On Christmas Eve, as my family walked home after an excursion to the pub, Sam ran out of his flat waving an envelope. It was a card for our family with a red-breasted robin on the front. We thanked him for it and asked about his plans for Christmas. He said he was going to be on his own because he didn’t want to leave his cat. He sounded lonely. We couldn’t help but invite him for a drink at ours.
At five o’clock, when we were expecting Sam, we could see him standing in his window stroking his cat. At 5.30 he was doing the same. Eventually the buzzer rang.
We did our best to serve Sam not only Stilton and tawny port but some yuletide cheer. He didn’t say much, though he did mention problems with his downstairs neighbour, a 70-year-old man whom he accused of playing the radio too loud. We thought nothing of it and offered him hazelnut biscuits.
Our daughter danced to a Top of the Pops special. She showed Sam her books and introduced him to her toys. Some of her teddies gave him kisses. Before Sam left, I gave him a sack of dark-chocolate almonds with a red satin ribbon. He pulled me into a bear hug and smiled. I wished him a happy Christmas and told him that if he ever needed a break from his neighbour’s noise then he should pop round for tea. I thought that a very correct, English offer.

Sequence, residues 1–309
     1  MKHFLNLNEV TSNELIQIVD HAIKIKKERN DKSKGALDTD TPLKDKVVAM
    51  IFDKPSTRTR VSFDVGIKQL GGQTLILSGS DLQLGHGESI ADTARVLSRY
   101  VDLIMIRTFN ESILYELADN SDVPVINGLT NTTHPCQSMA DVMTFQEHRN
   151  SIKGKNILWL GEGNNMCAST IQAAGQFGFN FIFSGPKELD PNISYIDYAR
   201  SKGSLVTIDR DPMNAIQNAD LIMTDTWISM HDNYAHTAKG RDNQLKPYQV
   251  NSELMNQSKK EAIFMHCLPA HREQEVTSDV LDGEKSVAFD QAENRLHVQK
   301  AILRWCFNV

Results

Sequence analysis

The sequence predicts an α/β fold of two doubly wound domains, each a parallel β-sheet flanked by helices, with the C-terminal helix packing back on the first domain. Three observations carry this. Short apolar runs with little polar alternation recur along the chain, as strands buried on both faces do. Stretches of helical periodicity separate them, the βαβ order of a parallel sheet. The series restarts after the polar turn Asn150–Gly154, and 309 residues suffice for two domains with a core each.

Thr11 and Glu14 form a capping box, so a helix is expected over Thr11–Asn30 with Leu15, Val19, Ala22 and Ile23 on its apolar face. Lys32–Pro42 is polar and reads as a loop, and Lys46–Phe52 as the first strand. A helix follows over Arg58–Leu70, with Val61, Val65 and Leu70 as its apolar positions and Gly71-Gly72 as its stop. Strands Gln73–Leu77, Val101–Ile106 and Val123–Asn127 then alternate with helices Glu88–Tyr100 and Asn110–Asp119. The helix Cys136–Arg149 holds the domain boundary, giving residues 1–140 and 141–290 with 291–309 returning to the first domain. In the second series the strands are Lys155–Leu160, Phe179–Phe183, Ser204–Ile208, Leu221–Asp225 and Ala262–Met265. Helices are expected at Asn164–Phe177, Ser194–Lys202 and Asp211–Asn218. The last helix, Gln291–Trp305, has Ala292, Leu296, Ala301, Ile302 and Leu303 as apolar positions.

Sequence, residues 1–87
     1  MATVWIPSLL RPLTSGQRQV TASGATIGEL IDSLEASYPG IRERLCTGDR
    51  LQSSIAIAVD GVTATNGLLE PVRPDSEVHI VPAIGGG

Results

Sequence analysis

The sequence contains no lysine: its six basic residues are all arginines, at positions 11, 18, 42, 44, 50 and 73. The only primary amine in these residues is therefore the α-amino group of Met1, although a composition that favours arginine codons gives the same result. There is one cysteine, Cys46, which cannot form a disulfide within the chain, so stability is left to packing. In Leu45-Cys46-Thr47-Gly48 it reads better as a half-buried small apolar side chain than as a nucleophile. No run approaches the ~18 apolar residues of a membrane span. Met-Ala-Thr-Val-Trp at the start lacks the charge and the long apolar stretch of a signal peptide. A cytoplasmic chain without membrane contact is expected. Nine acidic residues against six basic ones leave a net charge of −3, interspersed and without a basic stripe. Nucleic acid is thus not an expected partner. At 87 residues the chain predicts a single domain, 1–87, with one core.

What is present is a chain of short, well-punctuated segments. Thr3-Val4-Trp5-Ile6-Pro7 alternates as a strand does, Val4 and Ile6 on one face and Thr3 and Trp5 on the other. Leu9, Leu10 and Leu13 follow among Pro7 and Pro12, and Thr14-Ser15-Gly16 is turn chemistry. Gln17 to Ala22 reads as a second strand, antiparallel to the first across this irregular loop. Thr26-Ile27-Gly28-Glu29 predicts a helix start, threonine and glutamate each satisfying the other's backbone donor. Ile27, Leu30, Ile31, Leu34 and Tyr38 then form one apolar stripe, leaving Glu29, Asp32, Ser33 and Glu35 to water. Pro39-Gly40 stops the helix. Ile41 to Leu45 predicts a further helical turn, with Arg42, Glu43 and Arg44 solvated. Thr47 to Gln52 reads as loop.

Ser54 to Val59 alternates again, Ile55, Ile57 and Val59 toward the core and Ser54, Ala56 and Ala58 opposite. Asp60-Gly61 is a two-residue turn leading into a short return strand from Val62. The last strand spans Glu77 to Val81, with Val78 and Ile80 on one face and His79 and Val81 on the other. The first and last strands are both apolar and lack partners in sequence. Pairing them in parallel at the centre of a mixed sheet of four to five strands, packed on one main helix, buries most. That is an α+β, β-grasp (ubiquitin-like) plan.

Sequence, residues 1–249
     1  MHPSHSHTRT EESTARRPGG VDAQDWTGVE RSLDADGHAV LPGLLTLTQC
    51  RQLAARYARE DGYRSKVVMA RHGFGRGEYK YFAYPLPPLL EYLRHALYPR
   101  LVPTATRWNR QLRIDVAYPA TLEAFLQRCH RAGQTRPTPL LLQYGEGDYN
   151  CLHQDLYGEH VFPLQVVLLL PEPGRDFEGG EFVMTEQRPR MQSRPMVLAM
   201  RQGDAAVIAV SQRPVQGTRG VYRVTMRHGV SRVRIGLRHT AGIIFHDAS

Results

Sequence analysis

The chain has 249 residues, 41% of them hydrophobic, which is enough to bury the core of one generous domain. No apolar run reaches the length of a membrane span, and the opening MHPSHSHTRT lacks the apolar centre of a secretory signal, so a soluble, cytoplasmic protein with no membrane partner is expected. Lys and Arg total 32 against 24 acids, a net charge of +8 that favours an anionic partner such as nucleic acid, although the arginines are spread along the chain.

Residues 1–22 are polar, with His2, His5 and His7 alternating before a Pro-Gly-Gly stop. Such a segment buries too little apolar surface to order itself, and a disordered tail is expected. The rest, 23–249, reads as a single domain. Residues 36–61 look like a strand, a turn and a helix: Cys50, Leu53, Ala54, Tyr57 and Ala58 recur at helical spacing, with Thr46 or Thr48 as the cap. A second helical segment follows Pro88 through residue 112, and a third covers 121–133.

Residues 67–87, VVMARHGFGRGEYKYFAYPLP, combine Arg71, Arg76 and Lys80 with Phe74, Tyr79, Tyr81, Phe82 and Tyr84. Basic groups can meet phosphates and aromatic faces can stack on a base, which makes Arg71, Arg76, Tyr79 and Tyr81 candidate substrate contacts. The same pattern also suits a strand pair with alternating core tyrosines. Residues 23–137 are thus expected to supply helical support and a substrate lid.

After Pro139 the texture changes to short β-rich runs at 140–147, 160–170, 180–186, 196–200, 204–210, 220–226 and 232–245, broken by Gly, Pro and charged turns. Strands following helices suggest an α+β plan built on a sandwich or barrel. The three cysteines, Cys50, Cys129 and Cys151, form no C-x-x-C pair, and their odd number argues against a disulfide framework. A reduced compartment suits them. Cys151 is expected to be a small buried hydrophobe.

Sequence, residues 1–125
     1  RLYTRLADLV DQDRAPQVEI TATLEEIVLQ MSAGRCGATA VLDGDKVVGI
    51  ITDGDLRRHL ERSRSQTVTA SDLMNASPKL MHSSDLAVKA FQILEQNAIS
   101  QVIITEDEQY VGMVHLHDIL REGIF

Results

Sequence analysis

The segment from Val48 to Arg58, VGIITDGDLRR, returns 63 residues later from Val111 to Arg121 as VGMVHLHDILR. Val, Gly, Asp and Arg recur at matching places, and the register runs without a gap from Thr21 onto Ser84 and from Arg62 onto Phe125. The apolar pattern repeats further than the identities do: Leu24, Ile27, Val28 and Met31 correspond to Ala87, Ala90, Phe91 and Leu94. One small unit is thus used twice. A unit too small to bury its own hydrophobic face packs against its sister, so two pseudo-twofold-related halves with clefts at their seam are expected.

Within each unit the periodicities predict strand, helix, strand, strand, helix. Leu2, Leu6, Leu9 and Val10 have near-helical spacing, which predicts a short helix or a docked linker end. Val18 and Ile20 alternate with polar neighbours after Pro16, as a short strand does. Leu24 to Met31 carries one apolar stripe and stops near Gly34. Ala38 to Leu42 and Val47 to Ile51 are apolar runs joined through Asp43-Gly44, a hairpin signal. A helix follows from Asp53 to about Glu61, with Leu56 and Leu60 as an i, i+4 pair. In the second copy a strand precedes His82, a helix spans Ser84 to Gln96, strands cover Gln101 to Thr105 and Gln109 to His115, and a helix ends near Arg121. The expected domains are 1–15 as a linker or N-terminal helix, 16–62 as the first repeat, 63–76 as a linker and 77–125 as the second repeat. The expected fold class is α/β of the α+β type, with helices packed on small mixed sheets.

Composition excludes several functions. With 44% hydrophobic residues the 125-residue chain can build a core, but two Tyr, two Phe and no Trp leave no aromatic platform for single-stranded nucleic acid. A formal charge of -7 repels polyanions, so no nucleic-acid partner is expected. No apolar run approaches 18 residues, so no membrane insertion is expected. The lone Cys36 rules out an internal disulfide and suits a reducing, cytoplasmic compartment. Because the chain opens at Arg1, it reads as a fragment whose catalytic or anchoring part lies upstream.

In the months that followed, Sam would show up unannounced and invite himself in. He would sulk in our kitchen and complain about his neighbour. I would offer him cups of tea but he said he didn’t like my tea. Later he would tell me that he didn’t like tea at all. So I brewed coffee and made supportive noises as he moaned.
The only thing that would snap Sam out of a mood was my Sarah Raven catalogue. Sarah Raven is the Martha Stewart of English gardening. If you want to buy Genoa zinnias or master floristry in a weekend, she is your woman. Sam would sit cross-legged with her catalogue on his lap, flipping pages and dog-earing the ones he liked best. Tulip collections, perfect perennials, stunning alliums. He wanted them all. He also wanted to know whether I put edible flowers in my salads, because he was thinking about planting a bed.